Re: How was it to ride the subway lines in the 60's and 70's? (93250)

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Posted by Steve B-8AVEXP on Mon Feb 7 11:19:16 2000, in response to Re: How was it to ride the subway lines in the 60's and 70's?,
posted by Wayne-MrSlantR40 on Mon Feb 7 00:27:39 2000.

As most of you know by now, my love affair with the NY subway began on July 21, 1965. An N train of shiny, spanking new R-32s took us from Brooklyn to 34th St. in Manhattan, where we ascended to the observation deck on the Empire State Building. IIRC, it was a lot cooler on the 86th floor than on street level.

Two years later, we moved to New Jersey and I became immersed in the subway. In 1967, the fare was 20 cents. I rode on the IND for the first time on April 30, and on the IRT on August 9. The R-10s, in their racy teal-and-white paint scheme, still ruled supreme on the A line, while the R-1/9s moaned, groaned, and grunted on the rest of the IND routes. The newest kid on the block, the R-38s, were serving the F line primarily, as well as the E. On the BMT, the R-27s, R-30s, and R-32s were serving the Southern Division while the R-16s and remaining BMT standards were plying the rails on the Eastern Division. T trains still ran during rush hours and daytime hours on Saturdays. On July 20 of that year, there were several firsts: first ride on the R-10s all the way out to East New York, followed by my first ride on the BMT standards on the Canarsie. My first impression? Yechhhh!! The cars were still clean back then, and even the R-10s weren't intolerably loud. You would even find backlit side destination signs on the R-1/9s, a feature which was disappearing rapidly. Sadly, those venerable cars were no longer being cared for by then. This was all before the Chrystie St. connection opened, which resulted in equipment being shifted around considerably. Two constants remained: the BMT standards remained on the Eastern Division while the R-10s stayed put on the A.

That fall, I became a regular Saturday commuter, making a weekly trip by bus from our Pompton Plains home to the Port Authority Bus Terminal, followed by a trip on an A (at my insistance) to 14th St. and on the Canarsie to Lorimer St. It was a ritual which would continue for three years. The R-10s remained a fixture on the A, while on the Canarsie, the BMT standards would give way to relocated R-7s and R-9s, and in 1969, an occasional train of R-42s. During that time, the slant R-40s began to appear on the E and F lines, with no marker lights or destination signs on the bulkheads. In place of all that was a huge, color-coded letter. In January of 1970, the subway fare rose to 30 cents, and a quarter-sized token was introduced.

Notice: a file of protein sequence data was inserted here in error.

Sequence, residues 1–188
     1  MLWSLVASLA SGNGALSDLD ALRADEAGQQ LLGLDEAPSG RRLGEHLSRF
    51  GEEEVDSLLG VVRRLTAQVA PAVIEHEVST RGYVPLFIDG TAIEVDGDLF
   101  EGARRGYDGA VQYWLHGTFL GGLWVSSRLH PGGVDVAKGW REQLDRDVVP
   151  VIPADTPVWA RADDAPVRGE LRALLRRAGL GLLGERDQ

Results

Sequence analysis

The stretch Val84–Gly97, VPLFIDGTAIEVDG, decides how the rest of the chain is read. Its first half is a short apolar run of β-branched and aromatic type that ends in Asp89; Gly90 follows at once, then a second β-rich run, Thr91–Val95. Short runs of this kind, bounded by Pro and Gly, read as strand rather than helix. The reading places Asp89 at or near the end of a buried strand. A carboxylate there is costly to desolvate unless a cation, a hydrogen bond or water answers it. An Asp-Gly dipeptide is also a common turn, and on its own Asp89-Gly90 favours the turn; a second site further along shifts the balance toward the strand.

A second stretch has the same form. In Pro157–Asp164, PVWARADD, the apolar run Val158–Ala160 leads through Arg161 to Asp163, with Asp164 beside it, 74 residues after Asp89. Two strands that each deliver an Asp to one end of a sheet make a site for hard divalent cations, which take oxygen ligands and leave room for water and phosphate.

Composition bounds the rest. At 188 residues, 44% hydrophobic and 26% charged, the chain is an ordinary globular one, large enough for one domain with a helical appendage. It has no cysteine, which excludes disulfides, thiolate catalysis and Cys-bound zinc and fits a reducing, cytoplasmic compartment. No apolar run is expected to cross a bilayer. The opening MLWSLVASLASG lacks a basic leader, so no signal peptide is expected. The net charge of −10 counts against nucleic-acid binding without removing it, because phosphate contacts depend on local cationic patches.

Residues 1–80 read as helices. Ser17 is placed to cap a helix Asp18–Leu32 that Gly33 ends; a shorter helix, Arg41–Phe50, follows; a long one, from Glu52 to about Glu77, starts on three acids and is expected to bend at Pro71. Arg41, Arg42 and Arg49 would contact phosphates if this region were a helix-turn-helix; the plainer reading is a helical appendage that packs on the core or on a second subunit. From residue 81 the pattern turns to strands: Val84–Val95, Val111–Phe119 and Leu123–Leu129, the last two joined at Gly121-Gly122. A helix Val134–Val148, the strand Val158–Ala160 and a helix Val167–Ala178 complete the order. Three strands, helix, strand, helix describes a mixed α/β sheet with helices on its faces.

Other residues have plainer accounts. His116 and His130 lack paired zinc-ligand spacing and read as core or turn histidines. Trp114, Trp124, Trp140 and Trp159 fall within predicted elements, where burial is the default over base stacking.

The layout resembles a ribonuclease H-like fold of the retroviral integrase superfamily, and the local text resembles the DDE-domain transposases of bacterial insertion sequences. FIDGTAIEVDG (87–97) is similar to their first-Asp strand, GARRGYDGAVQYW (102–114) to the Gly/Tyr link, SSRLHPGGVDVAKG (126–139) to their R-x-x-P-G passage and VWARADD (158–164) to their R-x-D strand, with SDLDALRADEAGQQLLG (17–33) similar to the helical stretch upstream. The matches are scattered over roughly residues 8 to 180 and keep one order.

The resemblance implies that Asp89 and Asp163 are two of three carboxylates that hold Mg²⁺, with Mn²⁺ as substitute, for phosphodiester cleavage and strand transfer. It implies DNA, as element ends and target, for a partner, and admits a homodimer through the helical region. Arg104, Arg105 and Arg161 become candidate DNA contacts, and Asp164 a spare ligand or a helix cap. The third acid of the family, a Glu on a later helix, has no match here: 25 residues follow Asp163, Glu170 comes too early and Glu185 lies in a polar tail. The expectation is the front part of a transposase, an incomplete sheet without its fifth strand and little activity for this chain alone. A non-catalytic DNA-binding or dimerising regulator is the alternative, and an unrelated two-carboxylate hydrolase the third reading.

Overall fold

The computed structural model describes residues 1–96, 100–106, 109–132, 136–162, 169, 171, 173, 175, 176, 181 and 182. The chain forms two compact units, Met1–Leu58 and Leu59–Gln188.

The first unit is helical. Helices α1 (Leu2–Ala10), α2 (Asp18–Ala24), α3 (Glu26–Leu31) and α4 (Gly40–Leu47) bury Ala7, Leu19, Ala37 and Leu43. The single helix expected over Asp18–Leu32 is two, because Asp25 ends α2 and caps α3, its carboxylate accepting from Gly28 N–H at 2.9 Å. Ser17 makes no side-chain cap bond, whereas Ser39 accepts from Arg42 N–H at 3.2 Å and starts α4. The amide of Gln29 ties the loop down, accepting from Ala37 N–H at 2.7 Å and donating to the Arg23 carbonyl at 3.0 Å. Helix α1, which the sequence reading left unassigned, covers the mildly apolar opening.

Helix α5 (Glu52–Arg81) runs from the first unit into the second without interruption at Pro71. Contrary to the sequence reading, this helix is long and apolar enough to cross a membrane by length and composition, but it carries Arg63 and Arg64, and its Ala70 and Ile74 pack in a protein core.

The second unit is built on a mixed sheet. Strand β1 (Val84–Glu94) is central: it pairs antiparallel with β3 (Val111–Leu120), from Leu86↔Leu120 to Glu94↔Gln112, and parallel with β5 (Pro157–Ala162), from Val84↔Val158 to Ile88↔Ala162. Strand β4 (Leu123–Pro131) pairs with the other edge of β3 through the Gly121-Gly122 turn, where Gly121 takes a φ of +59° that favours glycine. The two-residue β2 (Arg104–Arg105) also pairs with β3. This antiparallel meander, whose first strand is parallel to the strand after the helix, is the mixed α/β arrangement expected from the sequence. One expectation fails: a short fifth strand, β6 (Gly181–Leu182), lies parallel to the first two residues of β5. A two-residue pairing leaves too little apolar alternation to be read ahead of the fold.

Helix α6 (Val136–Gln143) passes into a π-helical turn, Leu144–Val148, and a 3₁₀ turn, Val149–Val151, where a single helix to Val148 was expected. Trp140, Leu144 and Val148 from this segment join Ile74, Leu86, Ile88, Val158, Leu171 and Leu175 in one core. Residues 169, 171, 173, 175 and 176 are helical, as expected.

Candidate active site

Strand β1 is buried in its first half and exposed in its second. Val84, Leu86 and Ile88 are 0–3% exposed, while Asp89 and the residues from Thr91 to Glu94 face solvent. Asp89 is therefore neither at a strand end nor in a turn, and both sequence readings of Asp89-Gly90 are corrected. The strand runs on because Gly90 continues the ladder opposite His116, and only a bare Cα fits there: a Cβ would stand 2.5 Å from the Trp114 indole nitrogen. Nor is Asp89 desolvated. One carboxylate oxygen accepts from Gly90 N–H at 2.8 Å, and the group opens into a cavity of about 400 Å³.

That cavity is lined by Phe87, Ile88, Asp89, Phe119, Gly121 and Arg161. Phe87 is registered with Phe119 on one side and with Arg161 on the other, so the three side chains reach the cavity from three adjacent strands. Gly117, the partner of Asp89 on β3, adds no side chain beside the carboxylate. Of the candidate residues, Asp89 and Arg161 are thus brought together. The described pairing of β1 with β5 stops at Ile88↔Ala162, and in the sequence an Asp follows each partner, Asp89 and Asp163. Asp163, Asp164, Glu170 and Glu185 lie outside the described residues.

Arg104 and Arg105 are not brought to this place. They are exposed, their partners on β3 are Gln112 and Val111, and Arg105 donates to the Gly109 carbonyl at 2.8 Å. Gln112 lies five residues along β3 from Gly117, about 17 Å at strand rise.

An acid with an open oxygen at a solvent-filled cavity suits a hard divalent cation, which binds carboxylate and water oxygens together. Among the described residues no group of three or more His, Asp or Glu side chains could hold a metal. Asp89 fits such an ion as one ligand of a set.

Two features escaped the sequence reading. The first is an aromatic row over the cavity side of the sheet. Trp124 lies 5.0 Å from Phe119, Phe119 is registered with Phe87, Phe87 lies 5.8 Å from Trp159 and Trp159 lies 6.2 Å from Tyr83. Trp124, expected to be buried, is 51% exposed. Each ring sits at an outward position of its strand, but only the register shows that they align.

My visits to the city were curtailed during the early and mid-70s to an occasional trip to Shea Stadium to see the Mets and an all-day excursion on December 27, 1973. I didn't set foot on the subway at all during 1974 and 1975. On July 28, 1976, after a 2 1/2-year absence, I took a brief subway ride once again, first on a B train of R-32s from Rockefeller Center to 59th St., then on an A train of 75-footers to 42nd St. It marked the first time I spotted the newcomers; not sure if they were R-44s or R-46s. I do recall thinking, it's good to be back. By 1977, I found myself in the city once a month or so. My sister enrolled at the Fashion Institute of Technology, and in early 1978 I would go down every few weeks to see her, exploring the IRT division in the process. By this time, the graffiti epidemic had struck, bringing a repulsive appearance to every car in the system. Two other fare increases occurred during the decade: from 30 to 35 cents in 1971, and then 50 cents in 1975. The same token was retained until the fare rose once again to 60 cents in 1980. By then, the R-46s were plagued with cracked trucks, and as a consequence, the B division fleet was being shuffled around in much the same manner as a Chinese fire drill. I left for Colorado in September of 1980, and thus missed the darkest hours of the subway system. It wasn't until October of 1984 that I would return to the city and ride on the subway again.

From 1968 to 1970, if we had time before our bus was scheduled to leave Port Authority, I would take an express joyride up CPW on an A train. There was no better stretch anywhere else. On one occasion, a D train of R-4s pulled into 34th St. - the last prewar D train I ever saw - and I stayed on it until we got to 125th St. What a treat: no headlights, bull and pinion gears wailing away as we whipped past those seven local stops. I wished there had been enough time to take that train all the way to 205th St.; it was with great reluctance that I got off at 125th St.


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